The Louisiana State University Health Sciences Center in New Orleans offers a MASTER OF OCCUPATIONAL THERAPY (MOT) degree program that is accredited by the Accreditation Council for Occupational Therapy Education (ACOTE) for the 7 year period from academic year 2012-2013 to 2019-2020. For additional information, click here.
Completion of the MOT program prepares a graduate to practice occupational therapy. Twenty-seven months are needed to complete a total of 91 semester hours of coursework on campus at the Health Sciences Center in New Orleans, and off campus at practice sites within and out of the state. Included in these 91 semester hours are six months of full-time fieldwork.
If there are any questions regarding the Occupational Therapy Program, please contact our Student Affairs Office at email@example.com or telephone Student Affairs at (504) 568-6299.
What is Occupational Therapy?
Occupational therapy is a health and rehabilitation profession that helps people regain, develop, and build skills that are important for independent functioning, health, well-being, security, and happiness. Occupational therapy practitioners work with people of all ages who, because of illness, injury, or developmental or psychological impairment, need specialized assistance in learning skills to enable them to lead independent, productive, and satisfying lives. Occupational therapy can prevent injury or the worsening of existing conditions or disabilities and it promotes independent functioning in individuals who may otherwise require institutionalization or other long-term care. Because of this, occupational therapy keeps health care costs down and maximizes the quality of life for individuals, their families, and other caregivers.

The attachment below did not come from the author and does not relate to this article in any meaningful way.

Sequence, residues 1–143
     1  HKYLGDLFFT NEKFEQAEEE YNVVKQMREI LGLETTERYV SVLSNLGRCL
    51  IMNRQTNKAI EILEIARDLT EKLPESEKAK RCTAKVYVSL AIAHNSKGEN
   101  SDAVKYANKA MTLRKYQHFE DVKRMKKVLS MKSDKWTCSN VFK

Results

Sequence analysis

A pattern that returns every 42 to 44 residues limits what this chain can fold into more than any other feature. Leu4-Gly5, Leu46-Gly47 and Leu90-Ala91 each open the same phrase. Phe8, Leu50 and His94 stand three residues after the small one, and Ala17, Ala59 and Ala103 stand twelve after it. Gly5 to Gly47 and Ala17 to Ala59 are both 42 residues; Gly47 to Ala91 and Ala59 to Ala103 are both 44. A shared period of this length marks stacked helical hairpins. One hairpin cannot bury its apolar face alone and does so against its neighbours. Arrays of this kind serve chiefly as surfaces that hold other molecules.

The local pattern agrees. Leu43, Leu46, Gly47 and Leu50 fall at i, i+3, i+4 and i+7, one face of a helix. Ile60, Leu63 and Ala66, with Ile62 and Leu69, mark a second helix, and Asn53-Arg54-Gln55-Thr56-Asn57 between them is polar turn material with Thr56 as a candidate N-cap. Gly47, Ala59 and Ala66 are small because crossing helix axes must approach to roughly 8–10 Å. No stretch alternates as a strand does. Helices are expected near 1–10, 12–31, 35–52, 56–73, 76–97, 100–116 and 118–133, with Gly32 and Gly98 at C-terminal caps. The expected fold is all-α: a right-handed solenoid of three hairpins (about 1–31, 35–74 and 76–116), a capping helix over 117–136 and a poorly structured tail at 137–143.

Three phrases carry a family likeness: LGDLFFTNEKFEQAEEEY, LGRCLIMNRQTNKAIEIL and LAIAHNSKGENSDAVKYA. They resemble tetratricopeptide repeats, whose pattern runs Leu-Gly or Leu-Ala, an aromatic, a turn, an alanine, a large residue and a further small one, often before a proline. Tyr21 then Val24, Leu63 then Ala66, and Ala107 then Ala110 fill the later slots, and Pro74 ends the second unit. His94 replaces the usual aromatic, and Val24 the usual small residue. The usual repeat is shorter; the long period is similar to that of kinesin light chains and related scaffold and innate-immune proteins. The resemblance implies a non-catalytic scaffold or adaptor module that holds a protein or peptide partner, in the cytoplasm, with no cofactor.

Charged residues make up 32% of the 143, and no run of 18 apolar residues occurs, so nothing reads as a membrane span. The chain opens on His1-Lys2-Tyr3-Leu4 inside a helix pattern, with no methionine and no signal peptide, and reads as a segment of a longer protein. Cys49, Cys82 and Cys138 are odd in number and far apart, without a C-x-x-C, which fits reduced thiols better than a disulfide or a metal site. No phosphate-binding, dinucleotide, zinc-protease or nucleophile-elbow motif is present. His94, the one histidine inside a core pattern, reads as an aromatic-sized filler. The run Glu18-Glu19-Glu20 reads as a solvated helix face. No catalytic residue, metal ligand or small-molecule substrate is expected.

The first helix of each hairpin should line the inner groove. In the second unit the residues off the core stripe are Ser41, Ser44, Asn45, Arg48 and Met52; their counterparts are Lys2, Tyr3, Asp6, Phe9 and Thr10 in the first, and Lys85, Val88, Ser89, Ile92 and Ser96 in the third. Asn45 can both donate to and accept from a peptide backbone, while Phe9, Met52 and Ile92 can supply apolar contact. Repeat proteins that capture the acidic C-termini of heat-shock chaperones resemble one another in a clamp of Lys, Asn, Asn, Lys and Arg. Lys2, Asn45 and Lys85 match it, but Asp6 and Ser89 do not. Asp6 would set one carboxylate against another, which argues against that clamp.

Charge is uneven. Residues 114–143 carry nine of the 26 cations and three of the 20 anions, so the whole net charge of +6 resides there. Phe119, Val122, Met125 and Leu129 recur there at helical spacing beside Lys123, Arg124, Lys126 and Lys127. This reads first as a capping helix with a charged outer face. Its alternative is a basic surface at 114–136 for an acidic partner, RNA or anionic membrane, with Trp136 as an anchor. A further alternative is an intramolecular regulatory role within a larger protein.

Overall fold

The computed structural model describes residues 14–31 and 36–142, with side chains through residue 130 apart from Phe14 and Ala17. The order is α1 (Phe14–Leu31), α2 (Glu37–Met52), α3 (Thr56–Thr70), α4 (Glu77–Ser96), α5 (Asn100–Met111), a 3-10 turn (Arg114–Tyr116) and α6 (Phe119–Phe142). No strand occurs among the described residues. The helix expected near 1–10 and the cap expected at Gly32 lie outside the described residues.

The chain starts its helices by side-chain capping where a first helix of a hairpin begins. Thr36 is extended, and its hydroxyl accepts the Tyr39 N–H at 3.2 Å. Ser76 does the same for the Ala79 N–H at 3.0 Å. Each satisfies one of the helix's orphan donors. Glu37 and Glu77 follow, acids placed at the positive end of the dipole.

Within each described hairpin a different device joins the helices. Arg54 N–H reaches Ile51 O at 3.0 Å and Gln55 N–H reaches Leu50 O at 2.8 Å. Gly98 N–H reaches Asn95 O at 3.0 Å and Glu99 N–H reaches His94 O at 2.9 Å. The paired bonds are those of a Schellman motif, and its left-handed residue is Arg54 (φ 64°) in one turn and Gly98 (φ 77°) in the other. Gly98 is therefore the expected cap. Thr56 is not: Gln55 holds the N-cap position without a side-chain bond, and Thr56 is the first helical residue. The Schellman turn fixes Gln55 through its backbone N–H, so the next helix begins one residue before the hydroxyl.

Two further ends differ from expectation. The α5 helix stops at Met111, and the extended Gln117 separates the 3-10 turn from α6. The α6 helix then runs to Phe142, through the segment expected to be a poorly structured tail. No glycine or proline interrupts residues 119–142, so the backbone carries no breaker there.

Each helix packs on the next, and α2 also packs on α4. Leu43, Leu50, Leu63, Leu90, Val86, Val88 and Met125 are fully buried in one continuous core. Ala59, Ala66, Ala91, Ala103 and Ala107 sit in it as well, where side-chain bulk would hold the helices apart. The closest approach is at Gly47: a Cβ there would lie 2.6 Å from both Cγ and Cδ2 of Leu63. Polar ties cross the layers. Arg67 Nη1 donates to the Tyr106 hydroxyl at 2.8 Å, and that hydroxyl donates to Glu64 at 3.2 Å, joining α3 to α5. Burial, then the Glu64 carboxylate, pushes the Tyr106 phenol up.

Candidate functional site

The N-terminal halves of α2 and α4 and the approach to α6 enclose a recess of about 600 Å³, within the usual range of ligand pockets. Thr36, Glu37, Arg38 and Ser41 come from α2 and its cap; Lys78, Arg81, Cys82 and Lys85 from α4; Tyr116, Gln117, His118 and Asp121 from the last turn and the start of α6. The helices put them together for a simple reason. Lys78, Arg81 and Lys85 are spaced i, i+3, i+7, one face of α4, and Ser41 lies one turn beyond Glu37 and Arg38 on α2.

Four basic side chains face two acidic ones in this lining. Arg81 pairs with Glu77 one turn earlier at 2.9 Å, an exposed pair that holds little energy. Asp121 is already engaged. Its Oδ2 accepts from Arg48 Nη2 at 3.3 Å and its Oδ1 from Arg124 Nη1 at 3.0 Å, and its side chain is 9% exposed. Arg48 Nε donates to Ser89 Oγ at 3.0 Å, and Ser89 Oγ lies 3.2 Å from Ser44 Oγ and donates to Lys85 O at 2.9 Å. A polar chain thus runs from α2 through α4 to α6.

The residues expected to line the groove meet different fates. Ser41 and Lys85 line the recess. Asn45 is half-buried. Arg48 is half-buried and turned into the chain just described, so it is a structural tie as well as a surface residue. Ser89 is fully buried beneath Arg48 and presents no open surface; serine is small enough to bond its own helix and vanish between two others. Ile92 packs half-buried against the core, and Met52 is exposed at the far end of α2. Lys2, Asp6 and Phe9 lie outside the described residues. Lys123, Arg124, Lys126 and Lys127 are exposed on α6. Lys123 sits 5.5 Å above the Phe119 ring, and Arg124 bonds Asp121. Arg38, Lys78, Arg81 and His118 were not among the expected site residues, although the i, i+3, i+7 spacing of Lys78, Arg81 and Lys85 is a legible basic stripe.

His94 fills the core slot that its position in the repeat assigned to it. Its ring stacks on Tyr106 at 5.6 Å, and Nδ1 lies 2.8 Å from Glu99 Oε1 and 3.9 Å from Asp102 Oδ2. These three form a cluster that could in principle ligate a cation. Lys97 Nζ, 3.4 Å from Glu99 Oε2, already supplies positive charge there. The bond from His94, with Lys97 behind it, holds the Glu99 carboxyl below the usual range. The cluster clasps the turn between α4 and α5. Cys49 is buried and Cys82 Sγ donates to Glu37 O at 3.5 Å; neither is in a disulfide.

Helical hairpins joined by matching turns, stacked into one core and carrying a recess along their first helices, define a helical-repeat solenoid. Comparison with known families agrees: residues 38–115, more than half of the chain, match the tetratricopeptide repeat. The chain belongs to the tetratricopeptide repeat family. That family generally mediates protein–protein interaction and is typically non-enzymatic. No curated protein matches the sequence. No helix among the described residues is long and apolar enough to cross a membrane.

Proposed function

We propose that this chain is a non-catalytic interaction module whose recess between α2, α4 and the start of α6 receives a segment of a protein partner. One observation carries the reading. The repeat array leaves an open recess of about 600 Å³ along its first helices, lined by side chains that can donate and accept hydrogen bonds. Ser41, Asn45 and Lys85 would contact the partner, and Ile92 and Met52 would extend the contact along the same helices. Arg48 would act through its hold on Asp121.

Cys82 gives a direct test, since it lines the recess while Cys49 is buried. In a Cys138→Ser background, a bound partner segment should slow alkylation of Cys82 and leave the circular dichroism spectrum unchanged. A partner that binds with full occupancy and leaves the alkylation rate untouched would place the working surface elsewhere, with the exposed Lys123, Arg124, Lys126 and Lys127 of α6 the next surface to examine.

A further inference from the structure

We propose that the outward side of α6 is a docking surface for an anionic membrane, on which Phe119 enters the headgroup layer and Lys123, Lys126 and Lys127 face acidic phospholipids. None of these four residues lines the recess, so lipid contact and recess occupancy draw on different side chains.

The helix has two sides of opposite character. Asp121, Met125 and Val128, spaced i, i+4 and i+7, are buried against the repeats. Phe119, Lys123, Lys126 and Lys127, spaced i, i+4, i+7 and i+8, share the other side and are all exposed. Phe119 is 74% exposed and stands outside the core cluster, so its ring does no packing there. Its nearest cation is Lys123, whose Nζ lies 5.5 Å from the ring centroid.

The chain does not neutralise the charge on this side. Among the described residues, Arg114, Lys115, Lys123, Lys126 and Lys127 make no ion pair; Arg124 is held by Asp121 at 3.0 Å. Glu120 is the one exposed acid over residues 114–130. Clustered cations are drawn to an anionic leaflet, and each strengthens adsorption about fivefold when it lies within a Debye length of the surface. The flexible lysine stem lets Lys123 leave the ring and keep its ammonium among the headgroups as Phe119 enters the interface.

Occupational therapy services significantly improve rehabilitation for many people with impairments due to:
Arthritis, cancer, or other debilitating illnesses
Head or spinal cord injuries
Orthopedic, work, or sports-related injuries
Stroke and other neurological conditions
What Makes OT Different?
In addition to dealing with an individual's physical well-being, occupational therapy practitioners address psychological, social, and environmental factors that may impede independent functioning in all aspects of life. This unique perspective makes occupational therapy a critically important part of a health care program.